Inaugural Bonnie Reiss Memorial Lecture Looks at Bridging the Political Divide

Soon after completing his service as governor of California in 2011, Arnold Schwarzenegger established the USC Schwarzenegger Institute for State and Global Policy. He immediately turned to Bonnie Reiss, his longtime senior advisor, to be the catalyst for the institute.

“I said I’d only do it if she became the global director,” said Schwarzenegger on Oct. 24 at the inaugural Bonnie Reiss Memorial Lecture, honoring Reiss, who passed away in April after a brave fight with cancer. Over the next six years, she helped set the Institute’s mission and organized important discussions on subjects such as stem-cell research, health care, education, after-school programs, building infrastructure, immigration reform, redistricting reform and open primaries.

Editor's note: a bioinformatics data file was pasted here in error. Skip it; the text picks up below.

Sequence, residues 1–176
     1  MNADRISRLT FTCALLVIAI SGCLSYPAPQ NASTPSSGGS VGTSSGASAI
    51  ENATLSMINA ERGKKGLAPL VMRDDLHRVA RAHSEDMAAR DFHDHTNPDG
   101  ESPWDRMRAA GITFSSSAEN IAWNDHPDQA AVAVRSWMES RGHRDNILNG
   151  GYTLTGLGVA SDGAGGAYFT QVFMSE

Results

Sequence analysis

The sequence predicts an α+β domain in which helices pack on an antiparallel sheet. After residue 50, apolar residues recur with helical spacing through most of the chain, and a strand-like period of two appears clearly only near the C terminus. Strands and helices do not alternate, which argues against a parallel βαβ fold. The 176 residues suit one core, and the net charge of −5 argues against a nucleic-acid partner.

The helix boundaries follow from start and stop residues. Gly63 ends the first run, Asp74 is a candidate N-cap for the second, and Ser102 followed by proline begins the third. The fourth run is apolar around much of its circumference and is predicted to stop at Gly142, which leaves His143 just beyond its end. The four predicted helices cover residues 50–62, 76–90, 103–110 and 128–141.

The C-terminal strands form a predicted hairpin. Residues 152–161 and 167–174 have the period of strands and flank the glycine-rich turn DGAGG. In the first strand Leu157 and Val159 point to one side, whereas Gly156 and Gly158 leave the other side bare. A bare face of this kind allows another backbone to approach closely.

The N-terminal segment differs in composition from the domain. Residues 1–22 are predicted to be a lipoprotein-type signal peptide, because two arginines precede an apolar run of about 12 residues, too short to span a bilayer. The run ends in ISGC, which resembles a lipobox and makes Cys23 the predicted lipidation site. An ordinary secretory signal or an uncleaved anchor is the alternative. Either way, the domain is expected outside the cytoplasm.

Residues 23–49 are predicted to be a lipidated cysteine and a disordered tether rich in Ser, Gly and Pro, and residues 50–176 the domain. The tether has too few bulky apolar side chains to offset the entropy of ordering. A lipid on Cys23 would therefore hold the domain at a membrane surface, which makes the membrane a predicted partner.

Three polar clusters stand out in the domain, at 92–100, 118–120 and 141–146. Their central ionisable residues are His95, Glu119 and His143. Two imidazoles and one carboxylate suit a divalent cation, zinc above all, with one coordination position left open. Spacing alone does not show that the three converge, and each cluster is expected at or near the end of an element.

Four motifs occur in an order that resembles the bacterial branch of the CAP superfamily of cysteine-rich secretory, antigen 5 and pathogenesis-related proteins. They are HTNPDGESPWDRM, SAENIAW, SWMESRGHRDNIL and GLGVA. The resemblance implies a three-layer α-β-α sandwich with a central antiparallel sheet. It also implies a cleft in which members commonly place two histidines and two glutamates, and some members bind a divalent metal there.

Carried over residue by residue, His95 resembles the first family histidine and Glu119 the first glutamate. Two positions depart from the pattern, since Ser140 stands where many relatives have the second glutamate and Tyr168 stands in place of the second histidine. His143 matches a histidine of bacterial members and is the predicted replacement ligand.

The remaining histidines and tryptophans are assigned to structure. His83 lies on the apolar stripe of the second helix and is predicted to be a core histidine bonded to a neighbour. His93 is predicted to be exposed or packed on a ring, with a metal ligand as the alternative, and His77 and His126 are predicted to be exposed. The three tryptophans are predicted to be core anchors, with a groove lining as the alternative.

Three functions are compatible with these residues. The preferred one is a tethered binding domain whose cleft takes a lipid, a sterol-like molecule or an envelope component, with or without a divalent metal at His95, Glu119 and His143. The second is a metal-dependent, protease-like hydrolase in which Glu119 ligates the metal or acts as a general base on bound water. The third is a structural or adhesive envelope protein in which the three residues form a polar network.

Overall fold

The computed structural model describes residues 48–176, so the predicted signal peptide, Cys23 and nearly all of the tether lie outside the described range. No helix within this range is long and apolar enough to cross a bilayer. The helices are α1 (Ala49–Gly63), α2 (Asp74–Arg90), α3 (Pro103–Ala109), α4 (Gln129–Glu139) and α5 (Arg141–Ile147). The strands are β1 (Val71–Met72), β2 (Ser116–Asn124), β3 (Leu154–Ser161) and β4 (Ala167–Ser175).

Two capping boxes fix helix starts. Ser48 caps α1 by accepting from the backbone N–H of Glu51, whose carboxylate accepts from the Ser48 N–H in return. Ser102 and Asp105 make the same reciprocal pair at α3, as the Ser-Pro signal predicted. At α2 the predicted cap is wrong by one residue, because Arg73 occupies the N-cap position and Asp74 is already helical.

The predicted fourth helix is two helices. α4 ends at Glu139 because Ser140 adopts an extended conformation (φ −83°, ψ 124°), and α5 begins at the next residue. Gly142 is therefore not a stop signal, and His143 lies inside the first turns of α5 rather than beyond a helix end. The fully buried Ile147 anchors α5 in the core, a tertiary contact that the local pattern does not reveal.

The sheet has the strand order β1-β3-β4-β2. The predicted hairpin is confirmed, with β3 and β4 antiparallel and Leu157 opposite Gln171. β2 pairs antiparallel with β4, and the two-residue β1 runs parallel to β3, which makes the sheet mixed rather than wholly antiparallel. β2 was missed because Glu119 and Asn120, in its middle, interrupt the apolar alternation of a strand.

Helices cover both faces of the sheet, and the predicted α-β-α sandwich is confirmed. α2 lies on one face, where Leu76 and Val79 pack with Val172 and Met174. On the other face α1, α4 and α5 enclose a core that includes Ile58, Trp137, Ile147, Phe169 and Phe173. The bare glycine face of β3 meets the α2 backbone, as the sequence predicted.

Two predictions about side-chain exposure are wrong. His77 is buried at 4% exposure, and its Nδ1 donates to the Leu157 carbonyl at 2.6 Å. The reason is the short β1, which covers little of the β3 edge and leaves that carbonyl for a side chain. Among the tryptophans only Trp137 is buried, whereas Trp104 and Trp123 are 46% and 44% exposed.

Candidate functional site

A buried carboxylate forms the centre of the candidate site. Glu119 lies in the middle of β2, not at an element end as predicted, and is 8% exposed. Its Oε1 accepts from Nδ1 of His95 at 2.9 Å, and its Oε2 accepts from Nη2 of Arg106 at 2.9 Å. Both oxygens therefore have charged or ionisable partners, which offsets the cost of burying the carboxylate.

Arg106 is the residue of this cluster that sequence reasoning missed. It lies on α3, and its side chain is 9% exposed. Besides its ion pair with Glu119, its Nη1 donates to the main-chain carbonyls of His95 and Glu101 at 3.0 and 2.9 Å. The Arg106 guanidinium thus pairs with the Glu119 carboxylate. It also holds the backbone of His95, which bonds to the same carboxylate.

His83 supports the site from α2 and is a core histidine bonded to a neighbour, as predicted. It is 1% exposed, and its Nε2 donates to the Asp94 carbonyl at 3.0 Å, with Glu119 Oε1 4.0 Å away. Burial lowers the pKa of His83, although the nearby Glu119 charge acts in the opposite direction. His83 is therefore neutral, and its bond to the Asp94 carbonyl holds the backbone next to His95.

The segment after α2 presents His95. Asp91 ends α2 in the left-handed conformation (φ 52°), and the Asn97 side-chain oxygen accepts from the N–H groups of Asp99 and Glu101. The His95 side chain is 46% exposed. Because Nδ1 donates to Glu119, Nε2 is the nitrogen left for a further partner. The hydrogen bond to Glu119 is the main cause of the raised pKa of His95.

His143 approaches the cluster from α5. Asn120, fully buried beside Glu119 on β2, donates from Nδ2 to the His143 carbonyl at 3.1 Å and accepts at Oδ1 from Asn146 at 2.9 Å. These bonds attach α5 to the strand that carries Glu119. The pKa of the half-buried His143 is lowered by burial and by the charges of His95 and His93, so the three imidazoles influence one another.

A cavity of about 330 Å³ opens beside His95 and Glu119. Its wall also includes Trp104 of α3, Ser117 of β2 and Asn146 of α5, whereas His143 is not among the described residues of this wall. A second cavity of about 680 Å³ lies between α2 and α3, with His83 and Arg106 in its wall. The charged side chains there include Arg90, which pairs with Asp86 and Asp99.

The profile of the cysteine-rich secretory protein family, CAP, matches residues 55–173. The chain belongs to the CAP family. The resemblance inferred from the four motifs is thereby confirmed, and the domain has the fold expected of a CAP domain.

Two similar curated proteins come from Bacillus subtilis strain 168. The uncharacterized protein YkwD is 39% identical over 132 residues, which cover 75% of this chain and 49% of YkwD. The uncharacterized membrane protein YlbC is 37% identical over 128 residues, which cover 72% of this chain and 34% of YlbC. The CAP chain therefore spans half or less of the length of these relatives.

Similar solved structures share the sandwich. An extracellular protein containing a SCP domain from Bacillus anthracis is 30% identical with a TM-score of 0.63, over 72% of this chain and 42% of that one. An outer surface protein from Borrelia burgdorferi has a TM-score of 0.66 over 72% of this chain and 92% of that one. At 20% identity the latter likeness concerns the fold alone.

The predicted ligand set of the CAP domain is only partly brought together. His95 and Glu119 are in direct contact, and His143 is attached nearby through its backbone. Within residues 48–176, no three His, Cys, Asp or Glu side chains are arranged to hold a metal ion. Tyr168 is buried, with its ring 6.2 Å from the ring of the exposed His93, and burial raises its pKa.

USC Price School of Public Policy Dean Jack H. Knott said Reiss “turned Arnold's vision into one of the most relevant and widely recognized institutes in California and the country.”

“I take great comfort in knowing that her legacy will live on at USC through this new lecture series as well as the Bonnie Reiss Scholarship that was recently established in her honor,” Knott said. “Because of this lectureship and the scholarship, generations of students will know of Bonnie and the great and lasting work she accomplished.”

Knott noted with a smile that he and the other men participating in the event had elected not to wear ties that day because Reiss disliked them.

Following remarks from Schwarzenegger and former film studio executive Sherry Lansing, the event featured a panel discussion on bridging the partisan divide, a topic aligned with Reiss’ longtime goal of helping elected leaders put people over political parties.